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Backyard Baby Critters

By: Stacey Wildberger

We are fortunate to live in a community with such diversity of flora and fauna and to have so many caring people who provide habitat in their landscapes and who want to help sick or injured wildlife.  While there are times human intervention is the right thing to do, often times we can do more harm than good.  It is fine to let nature take its course as I firmly believe in survival of the fittest:  they are all parts of a larger food web. The natural order of the wildlife community should be honored and respected.  Here is a look at a few animals, their caring for their young, their place in the cycle of life, and how you can help.

Let’s start with rabbits, specifically Eastern Cottontails that have made their home in my side yard.  They typically mate from March to September and have litters of 3-8 babies at a time and up to 5 litters per year! They typically build shallow nests of grass and fur in grassy areas right in the middle of your yard.  Most predators won’t venture into the open so it is a safe option.  If you stumble upon a nest in your yard, it is best not to move it to an area you deem safer.  Mama rabbit knew what she was doing.  She comes back twice a day to feed and groom the little ones, avoiding being spotted and drawing attention to the nest.  If you notice babies visibly injured, bleeding or missing limbs, you could intervene at that point by contacting a rehabber or let nature take care of it. One step you can take to prevent injuries is to check your lawn for nests prior to mowing and mark the area with a flag or small marker so you know where they are.  After predators, lawn mowers and weed whackers are the biggest threat to the babies.

I also often see people “rescue” baby squirrels.  Gray squirrels are the most common in the Cape.  They have 2 litters per year between December and February then again between May to June with anywhere between 2-6 young at a time.  Their nest is typically in the forks of trees, consisting mainly of dry leaves and twigs. If you come across a baby out of the nest the best course is to determine if it is injured.  If not, do not handle the baby, leave it on the ground where you found it, the mother will retrieve it.  If it is injured avoid over handling it, place it gently in a box with ventilation and contact a rehab center.

One of the most misunderstood and most abused animals is the opossum.  I personally think they are adorable. Some people are scared of opossums, feel threatened by them, or think they are rabid.  In reality they are one of the most docile, harmless critters you will come across.  Their defenses include freezing and playing sick by drooling and swaying, which is why people think they are rabid.  They have extremely efficient immune systems and low body temperatures so they are resistant to rabies.  A benefit to having them around is they can eat up to 4,000 ticks a day, reducing the spread of Lyme disease. Opossums breed between January and July and babies are typically the size of a honeybee at birth.  They are the only marsupial found in North America, meaning the babies live and nurse in their mama’s pouch. If you come across a baby opossum please understand their importance and accept their place in the ecosystem.  If the animal is less than 7” he is still in need of care by the mother.  Stand very quietly and listen for “sneezing” sounds the baby uses to call to its mother.  If the animal is over 7” then he is just a juvenile and not needing intervention or care.  He is best left alone.  It is illegal to care for opossums unless you are licensed rehabber.  If the animal is injured or you truly believe it to be orphaned or abandoned then contact a local rehab center.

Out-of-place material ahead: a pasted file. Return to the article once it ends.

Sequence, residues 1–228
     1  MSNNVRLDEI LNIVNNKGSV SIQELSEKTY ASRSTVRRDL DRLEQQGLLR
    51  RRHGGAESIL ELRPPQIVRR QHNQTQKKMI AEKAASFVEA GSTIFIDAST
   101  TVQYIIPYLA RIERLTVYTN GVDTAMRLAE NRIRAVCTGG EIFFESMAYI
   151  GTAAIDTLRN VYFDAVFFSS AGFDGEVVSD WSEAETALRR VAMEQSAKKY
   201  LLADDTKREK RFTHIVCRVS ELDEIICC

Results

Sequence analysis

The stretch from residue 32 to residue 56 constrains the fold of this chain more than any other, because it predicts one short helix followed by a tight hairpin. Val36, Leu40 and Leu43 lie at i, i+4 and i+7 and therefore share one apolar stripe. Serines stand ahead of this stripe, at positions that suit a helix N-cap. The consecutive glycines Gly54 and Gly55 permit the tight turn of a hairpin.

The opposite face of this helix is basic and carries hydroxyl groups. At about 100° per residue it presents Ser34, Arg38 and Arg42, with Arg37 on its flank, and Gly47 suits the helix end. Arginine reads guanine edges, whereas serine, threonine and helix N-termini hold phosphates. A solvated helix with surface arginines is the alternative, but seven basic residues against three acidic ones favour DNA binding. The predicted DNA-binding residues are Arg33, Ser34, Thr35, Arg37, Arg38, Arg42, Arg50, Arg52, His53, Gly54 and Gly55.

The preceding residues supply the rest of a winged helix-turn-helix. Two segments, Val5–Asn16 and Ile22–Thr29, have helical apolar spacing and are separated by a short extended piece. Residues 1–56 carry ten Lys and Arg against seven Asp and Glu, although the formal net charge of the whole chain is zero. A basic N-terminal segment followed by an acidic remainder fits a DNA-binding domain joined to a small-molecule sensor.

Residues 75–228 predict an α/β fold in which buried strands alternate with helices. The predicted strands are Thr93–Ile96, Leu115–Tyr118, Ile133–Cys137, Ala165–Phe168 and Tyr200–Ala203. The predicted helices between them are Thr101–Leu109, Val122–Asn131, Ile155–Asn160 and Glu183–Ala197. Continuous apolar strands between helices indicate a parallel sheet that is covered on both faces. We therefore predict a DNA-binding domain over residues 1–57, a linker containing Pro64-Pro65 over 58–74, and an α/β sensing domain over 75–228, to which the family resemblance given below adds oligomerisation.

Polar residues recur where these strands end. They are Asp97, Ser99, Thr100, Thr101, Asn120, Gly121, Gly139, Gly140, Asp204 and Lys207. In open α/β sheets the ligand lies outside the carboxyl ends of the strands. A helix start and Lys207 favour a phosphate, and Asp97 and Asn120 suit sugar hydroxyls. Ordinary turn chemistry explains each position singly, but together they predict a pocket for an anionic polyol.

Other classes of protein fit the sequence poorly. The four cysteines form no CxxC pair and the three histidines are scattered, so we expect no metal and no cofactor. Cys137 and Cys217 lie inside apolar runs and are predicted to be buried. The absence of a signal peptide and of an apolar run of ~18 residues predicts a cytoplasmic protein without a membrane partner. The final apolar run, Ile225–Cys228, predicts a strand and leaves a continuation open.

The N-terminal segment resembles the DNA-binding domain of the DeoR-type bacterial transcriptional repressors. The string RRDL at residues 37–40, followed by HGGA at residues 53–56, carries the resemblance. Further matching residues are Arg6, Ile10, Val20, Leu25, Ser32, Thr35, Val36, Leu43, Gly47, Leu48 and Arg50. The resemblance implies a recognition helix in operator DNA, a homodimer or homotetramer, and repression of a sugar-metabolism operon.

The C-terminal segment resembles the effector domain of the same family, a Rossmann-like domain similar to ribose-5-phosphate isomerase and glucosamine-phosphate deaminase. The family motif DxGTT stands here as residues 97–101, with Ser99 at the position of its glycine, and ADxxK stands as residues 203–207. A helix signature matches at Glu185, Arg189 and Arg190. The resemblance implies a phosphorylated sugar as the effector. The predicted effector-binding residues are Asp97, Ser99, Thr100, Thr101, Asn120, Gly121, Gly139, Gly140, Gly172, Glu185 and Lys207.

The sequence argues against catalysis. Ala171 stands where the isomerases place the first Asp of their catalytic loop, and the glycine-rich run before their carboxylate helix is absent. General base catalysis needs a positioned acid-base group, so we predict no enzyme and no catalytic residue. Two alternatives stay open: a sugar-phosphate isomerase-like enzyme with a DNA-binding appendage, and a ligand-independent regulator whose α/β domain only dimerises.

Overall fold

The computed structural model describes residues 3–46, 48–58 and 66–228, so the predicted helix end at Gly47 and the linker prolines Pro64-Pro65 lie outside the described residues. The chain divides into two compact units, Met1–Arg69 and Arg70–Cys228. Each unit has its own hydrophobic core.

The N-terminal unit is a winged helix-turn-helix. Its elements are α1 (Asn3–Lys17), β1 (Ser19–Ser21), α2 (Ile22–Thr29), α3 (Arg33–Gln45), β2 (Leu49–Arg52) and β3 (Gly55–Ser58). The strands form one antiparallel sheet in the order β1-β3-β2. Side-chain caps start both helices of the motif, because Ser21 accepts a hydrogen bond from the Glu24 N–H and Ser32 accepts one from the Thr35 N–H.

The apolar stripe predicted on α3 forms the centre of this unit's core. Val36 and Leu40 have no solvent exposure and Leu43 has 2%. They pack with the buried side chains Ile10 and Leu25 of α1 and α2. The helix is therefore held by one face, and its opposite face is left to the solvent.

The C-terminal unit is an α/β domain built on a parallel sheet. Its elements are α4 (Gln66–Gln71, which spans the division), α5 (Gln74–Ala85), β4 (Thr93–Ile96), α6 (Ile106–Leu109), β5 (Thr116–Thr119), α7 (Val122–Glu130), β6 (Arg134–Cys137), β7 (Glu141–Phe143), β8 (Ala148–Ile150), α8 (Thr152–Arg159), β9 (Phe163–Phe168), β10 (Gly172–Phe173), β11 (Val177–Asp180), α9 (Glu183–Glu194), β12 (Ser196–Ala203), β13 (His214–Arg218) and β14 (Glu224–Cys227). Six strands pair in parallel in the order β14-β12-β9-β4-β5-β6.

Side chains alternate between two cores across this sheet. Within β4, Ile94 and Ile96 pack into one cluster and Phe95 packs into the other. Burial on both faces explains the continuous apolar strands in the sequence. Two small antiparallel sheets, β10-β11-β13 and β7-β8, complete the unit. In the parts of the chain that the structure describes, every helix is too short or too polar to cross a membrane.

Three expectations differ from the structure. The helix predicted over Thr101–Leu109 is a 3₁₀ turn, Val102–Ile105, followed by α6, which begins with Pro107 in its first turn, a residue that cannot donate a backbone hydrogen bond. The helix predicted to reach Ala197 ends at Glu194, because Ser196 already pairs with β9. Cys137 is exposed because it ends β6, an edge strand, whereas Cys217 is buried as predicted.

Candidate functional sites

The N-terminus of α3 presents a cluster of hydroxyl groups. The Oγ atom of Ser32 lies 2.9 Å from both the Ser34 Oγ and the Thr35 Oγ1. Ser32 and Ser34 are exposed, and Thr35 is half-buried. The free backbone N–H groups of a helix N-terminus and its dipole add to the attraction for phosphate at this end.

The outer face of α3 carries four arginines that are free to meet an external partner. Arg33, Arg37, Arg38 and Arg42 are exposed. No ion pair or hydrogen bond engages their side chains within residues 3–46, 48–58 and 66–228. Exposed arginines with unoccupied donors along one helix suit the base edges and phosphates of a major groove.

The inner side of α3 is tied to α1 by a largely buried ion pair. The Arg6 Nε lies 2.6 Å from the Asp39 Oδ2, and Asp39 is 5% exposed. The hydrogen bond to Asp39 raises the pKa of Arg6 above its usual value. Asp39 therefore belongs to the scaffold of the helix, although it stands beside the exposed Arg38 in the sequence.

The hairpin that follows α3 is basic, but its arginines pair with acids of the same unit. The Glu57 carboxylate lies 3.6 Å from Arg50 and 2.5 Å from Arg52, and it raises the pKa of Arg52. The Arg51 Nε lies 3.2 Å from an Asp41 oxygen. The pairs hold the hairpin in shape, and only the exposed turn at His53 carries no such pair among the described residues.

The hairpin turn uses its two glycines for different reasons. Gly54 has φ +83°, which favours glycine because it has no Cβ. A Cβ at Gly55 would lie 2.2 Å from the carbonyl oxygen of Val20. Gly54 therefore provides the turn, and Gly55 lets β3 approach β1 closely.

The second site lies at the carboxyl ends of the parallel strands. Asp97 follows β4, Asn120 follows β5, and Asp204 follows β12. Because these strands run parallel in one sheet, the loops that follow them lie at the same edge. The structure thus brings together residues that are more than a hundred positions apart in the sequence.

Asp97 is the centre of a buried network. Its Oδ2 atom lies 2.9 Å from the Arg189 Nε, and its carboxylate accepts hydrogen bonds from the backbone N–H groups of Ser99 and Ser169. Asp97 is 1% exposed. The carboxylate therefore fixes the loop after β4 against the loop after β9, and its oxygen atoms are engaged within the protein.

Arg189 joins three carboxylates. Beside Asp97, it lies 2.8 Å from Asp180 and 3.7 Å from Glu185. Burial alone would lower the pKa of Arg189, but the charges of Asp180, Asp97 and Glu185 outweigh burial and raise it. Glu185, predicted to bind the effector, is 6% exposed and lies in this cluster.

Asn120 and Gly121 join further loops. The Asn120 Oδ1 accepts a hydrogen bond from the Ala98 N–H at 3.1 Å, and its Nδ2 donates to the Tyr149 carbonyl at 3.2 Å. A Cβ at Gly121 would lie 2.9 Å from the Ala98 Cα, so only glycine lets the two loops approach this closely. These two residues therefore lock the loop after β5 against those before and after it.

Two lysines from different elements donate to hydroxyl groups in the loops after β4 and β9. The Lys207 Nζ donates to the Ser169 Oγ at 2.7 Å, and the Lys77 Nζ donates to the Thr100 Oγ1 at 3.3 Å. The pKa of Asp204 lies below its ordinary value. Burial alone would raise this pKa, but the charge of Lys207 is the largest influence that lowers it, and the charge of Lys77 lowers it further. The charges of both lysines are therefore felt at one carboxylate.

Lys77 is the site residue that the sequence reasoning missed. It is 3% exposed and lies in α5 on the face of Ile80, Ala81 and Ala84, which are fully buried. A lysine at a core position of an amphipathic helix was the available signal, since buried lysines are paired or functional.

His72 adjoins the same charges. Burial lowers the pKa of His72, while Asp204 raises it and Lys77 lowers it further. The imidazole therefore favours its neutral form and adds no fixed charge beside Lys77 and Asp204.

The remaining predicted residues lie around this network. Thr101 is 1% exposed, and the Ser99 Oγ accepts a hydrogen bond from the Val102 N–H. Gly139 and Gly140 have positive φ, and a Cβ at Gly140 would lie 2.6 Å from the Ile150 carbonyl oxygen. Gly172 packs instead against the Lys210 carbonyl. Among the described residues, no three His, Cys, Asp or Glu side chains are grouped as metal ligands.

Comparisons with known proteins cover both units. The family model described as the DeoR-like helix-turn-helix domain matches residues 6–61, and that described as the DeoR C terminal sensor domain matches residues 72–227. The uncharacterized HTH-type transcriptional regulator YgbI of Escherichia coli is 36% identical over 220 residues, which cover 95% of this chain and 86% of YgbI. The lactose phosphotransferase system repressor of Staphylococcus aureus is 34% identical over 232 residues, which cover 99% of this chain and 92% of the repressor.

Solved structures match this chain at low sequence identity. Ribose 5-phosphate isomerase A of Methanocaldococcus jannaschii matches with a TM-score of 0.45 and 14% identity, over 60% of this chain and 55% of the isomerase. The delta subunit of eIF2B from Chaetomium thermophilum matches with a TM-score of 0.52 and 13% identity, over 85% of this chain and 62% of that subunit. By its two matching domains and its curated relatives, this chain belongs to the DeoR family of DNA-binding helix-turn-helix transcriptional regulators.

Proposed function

Raccoons, on the other hand are considered a vector species, meaning they can transmit rabies to humans and other animals:  you should never handle them bare handed if at all, and they should never be trapped and relocated.  Raccoons typically breed from January through mid-March with an average brood of 2-5 kits.   The female raises them into the fall.  Baby raccoons do not become nocturnal until adulthood so they can often be found wandering away from their mother during the day while she sleeps.  If you spot a baby alone it does not mean it is orphaned.  If you have determined it truly needs help, contact a vector-licensed rehabber (not all rehabbers can take vector species).

Deer are often seen in abundance in the Broadneck peninsula.  Unfortunately due to development their habitat is shrinking rapidly and they are visiting our yards more often.  Fawns are often found alone and mistakenly thought to have been lost.  If the fawn is lying down calmly and quietly their mother is nearby. She will only visit their babies a few times per days to nurse them so they can avoid attracting predators.  Leave the fawn as you found her.  The mother, though wary of human smell will return, but only after you left.  If the baby is wandering and crying incessantly for a long period she may need help, in this case contact a licensed wildlife rehabber.

Another common Cape mammals is the fox, also a vector species of rabies. They are not nocturnal and can be seen throughout the day, especially when raising their young.  Foxes breed from January through March with an average litter size of 4-5 kits.  Babies are often left alone for long periods of time while their parents are hunting for food.  They stay around the den playing until they are old enough to join hunting trips.  If they appear energetic and healthy leave them alone.  If you have reason to believe that both parents are dead then contact a vector-licensed rehabber.

To find a rehabilitator, contact the USDA Wildlife Service at (877) 463-6497, and here are a few links:

http://dnr.maryland.gov/wildlife/Pages/plants_wildlife/rehabilitators.aspx

http://www.arkofva.org/

http://www.mary.cc/rehabbers1.html#md

http://mwrawildlife.org/wildlife-resources/referral-directory/

Native Fall Plant Sale & Festival

By: Stacey Wildberger

Cape Conservation Corps is gearing up to bring you our 2nd Annual Native Fall Plant Sale & Festival.  The event held September 22nd from 9am-12pm in the field behind the clubhouse (1223 River Bay Rd Annapolis) is all about providing an opportunity to easily add natives to our home landscapes at a low cost!  It is often times difficult to locate true natives locally.  Although there are several reasonably close locations such as Adkins Arboretum, Chesapeake Natives, and Herring Run nursery that offer wonderful native selections, CCC will be right in your own backyard.  Our native plant selection committee tried to order plants that are best suited for our Cape yards—typically dry shade.  We also tried to have a selection of fall blooming plants such as asters, goldenrod and turtle head as well as many plants offering gorgeous fall color such as cinnamon fern, pink muhly grass, switch grass, little bluestem, and shrubs that will display radiant autumn colors such as ninebark, Virginia sweet spire and bayberry.